“For me, it’s representative of what the season felt like as a whole. That sort of chaotic feeling, dealing with feeling like a fish out of water, not truly knowing oneself when they’re out of their home and placed into a different ecosystem.”

Robinson’s unique voice and viewpoint were cultivated at Emerson Film School, and surprisingly, Atlanta was her very first writing gig right out of the gate. With a career in screenwriting always her goal since high school, she sent a pilot script to FX shortly after graduation, fortunately around the same time that Glover and his team were looking to fill their writers’ room.

“{It was} a crazy transition that I would never be able to replicate again, but it was a true stars align moment,” she says of getting staffed on the show. “It just felt unlike any experience in the writer’s room that I’ve had since. So it was quite an interesting way to be introduced into the world of screenwriting, for sure.”

NEW YORK, NEW YORK – FEBRUARY 01: Stefani Robinson attends the 72nd Writers Guild Awards at Edison Ballroom on February 01, 2020 in New York City. (Photo by Jamie McCarthy/Getty Images for Writers Guild of America, East)

That golden opportunity led to roles in more FX writing rooms, and even a standing Executive Producer role on What We Do In The Shadows, the campy horror-comedy following a coven of vampires that live together on Staten Island in New York. The show’s 4th season premieres July 12.

She has also penned and produced her first feature film, Chevalier, a dramatic period piece based on the life of Joseph Bologne, Chevalier de Saint-Georges, and starring Kelvin Harrison, Jr. (star of Luce, Waves, and Monster).

The amount of high-quality opportunities that have come her way in the last decade is the stuff of dreams for most Black writers, which is a fact not lost on Robinson at all. With her first-ever staff role landing her in an atypically diverse writer’s room focused on telling stories that are authentically Black, she’s been in a unique space to use her position to advocate for more creators of color to get both in front of and behind the camera.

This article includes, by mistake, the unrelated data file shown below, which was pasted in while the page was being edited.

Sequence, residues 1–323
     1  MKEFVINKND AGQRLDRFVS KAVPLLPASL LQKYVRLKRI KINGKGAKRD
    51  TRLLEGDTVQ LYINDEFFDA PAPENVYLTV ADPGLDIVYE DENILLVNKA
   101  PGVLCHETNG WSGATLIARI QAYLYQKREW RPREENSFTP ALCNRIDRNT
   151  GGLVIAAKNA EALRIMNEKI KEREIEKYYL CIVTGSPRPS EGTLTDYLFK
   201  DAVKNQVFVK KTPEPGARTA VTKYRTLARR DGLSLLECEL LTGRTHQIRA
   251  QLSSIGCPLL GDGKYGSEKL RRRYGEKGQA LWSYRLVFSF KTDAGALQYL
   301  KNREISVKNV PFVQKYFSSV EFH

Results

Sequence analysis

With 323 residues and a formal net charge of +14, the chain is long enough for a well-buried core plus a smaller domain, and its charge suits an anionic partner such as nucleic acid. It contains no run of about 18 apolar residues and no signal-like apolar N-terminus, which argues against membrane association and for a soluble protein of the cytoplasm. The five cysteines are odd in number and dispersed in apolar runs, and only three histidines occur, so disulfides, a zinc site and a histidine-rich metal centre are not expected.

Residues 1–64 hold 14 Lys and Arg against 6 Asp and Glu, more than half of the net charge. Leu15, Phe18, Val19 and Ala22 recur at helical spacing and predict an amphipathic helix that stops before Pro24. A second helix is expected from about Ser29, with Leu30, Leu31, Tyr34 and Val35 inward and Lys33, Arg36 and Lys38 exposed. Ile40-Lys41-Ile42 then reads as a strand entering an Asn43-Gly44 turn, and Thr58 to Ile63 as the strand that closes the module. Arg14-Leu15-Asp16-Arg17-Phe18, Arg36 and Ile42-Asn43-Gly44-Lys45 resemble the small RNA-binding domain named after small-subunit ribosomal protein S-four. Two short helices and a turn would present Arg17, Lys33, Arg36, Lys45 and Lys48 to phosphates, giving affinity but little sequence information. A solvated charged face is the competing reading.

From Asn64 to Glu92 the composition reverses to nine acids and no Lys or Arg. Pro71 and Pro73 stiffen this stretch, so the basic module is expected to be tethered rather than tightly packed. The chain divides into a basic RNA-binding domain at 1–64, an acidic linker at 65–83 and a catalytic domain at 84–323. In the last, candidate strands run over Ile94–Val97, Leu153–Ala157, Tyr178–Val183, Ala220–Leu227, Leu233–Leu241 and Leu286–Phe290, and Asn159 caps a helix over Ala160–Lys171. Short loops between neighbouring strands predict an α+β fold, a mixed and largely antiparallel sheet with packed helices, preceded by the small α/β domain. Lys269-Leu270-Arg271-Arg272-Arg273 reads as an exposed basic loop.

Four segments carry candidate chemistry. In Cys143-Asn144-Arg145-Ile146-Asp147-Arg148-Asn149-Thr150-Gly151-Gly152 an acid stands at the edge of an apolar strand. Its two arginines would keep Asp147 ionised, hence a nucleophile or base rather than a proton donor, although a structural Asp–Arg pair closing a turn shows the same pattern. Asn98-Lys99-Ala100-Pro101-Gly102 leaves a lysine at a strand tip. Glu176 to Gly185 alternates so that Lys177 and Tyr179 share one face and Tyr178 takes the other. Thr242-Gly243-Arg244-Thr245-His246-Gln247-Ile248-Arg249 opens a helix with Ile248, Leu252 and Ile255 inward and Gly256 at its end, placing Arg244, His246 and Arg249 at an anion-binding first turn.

Executive Producer Stefani Robinson arrives for the FX Network Winter TCA 2020 press tour at Langham Huntington Hotel in Pasadena, California, on January 9, 2020. (Photo by LISA O’CONNOR / AFP) (Photo by LISA O’CONNOR/AFP via Getty Images)

“There’s always work to be done,” she says of diversity in the writer’s room. “That’s the short answer. I feel like as long as I’m involved in a project, I want more Black people and I want more people of color and I always want more Black women and that’s always what I’m advocating for. I’m always very outspoken about it and I’ll say it.”

Though it remains somewhat of an uphill trek at times, Robinson is encouraged by the fact that Hollywood is steadily becoming more open and interested in the conversation. “In terms of casting, in terms of behind the camera, in terms of directing – whether or not anyone listens to me is a different thing – but, I feel like there have been strides and I think it’s something people are more conscious about.”

“We’re not tiptoeing around the subject anymore.”